The Question of Providence

Written by Charles M. Wood Reviewed By Uche Anizor

In his recent volume, Charles Wood attempts to shed new light on the venerable, and seemingly problematic, Christian doctrine of providence. His desire is to renew reflection on the doctrine by (1) calling attention to the nature of doctrine and its role in religious communities and (2) reformulating the doctrine of providence in light of the doctrine of the Trinity.

In the first chapter, Wood examines the nature of doctrine as teaching, belief, and confession. What is common to all three aspects is that they emphasize the instrumental and practical character of doctrine. In this light, he questions if the received doctrine of providence supplies what is necessary to enable faithful Christian understanding of the world as well as enactment therein.

Chapter 2 is a detailed exposition of William Sherlock’s A Discourse Concerning the Divine Providence, a work that Wood identifies as the last articulate representative of the traditional doctrine written in English. Attention is given to Sherlock’s development of the three main aspects of providence: preservation, concurrence, and governance. According to Sherlock (and much of the tradition), the aim of this doctrine is to provide Christians with encouragement and comfort, while admonishing them to live circumspectly. Wood is not convinced that Sherlock’s exposition can indeed accomplish these for most Christians.

The standard understanding of providence since Augustine, so Wood argues in chapter 3, has tended to be overly optimistic, seeing everything that comes to pass as the way it should be—as God’s will. Regardless of its prominence in the history of doctrine, it has never received universal approval, especially by those who reckon that it does violence to the gospel. Wood, alternatively, proposes a reorientation of the doctrine in light of the Christian revelation of the Trinity. He argues that the Church Fathers worked hard to develop a trinitarian “grammar” to speak about the nature of God and his works ad extra, but did not simultaneously conceive of providence in that light. Providence had little to do with the God revealed in Jesus Christ and more to do with the Supreme Being of philosophical realism. Instead, a Christian understanding of God’s relation to the world must take seriously the trinitarian grammar of the fifth ecumenical council, namely, that all things are from the Father, through the Son, and in the Holy Spirit. If God relates to all things triunely—particularly with this “prepositional logic”—there are at least two implications: (1) God’s relation to the world is complex and (2) there is a unity to all of God’s works; creation and providence are essentially one act of God.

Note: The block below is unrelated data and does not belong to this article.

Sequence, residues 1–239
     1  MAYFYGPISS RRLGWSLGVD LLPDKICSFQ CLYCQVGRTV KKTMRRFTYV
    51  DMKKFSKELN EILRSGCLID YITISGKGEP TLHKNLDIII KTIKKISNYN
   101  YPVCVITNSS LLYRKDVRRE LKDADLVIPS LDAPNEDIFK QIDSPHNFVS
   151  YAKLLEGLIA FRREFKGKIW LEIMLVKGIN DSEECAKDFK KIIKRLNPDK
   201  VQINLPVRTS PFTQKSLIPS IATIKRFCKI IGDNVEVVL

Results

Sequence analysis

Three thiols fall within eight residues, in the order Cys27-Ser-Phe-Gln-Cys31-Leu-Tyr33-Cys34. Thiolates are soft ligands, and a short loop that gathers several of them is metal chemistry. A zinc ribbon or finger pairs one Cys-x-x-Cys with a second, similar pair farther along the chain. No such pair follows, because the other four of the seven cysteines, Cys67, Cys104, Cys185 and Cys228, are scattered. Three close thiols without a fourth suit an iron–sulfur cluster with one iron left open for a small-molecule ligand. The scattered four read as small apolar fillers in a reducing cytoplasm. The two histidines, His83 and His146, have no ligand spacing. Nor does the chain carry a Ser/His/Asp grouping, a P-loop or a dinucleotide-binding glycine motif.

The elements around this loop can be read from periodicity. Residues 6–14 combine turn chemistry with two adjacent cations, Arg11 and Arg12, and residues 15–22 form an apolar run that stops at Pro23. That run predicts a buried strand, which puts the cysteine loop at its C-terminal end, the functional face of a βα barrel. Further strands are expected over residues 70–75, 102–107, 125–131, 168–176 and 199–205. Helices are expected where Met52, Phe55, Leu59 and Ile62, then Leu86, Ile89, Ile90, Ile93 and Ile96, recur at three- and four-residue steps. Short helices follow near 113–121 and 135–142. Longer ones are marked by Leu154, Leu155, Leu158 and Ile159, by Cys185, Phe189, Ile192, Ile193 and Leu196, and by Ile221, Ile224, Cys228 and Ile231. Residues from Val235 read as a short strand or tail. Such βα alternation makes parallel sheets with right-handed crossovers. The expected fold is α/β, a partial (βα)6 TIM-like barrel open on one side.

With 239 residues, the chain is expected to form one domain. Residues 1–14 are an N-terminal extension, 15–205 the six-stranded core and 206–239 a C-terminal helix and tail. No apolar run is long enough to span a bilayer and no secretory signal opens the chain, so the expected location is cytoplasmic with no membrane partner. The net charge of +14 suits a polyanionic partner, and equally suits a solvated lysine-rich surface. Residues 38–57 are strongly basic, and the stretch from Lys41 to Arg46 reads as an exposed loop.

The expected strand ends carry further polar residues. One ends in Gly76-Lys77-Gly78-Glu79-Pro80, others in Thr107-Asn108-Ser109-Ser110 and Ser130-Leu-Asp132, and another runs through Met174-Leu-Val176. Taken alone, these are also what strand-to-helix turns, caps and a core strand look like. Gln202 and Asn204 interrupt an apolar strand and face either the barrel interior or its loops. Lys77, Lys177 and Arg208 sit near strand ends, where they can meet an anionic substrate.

Chapter 4 explores the relation between the threefold division of providence (preservation, concurrence, and governance) and this trinitarian grammar. Wood’s major constructive move is to claim that preservation is from the Father, governance through the Son, and concurrence in the Spirit, thus arguing that the one triadic act of providence is accomplished by the one triune God. Linking preservation to the Father affirms the trinitarian insight that the Father is the source of creation and, therefore, providence. Joining concurrence to the Holy Spirit reminds us of his enablement of all genuine creaturely action, such that everything good is accomplished in the Spirit. Finally, attributing governance to the Son qualifies our notions of how God orders the world to accomplish his ends. He does not simply overpower the created order, but suffers with it and achieves his ends through weakness. The final chapter analyzes one recent constructive reformulation of the doctrine of providence.

One illuminating feature of the fourth chapter not mentioned above was Wood’s exploration of different ways to construe divine and human action. He challenges limited notions of action by positing at least two additional ways to understand “doing.” First, agents can “do” things without “acting” in the strict sense. For example, neglecting, waiting, allowing, hearing, and failing are ways of acting without being “active” per se. The second he calls “non-agential” actions, which include the influence of presence, the weight of reputation, and the effects of prior deeds. These “actions” may be described in personal or agential terms, but are neither ascribed to a personal agent nor does one hold an agent morally responsible for them. Actions conceived in these ways open up possibilities for the way we understand divine action and, specifically, divine providence. Wood, unfortunately, does not develop this potentially very fruitful and provocative aspect of his proposal.

It is difficult to argue with calls to think “trinitarianly” about doctrine. However, as with many such appeals, one is left wondering if the proposed solution actually moves us beyond the perceived problems. Apart from ascribing particular aspects of providence to the persons of the Trinity, and offering a “grammar” of sorts, it is not abundantly clear how thinking trinitarianly specifically overcomes any of the existential difficulties (which, incidentally, were assumed and not spelled out) inherent in the received doctrine. Moreover, one wonders if it might be more faithful to the tradition to assert that all three aspects of providence are carried out by all three persons, so that preservation, concurrence, and governance are from the Father, through the Son, and in the Spirit.

In the end, Wood’s volume is to be commended for helpfully providing a starting point for reformulating the doctrine of providence in light of fuller notions of divine action and the reality of the Trinity.

Uche Anizor

Uche Anizor is assistant professor of biblical and theological studies at Talbot School of Theology in La Mirada, California.

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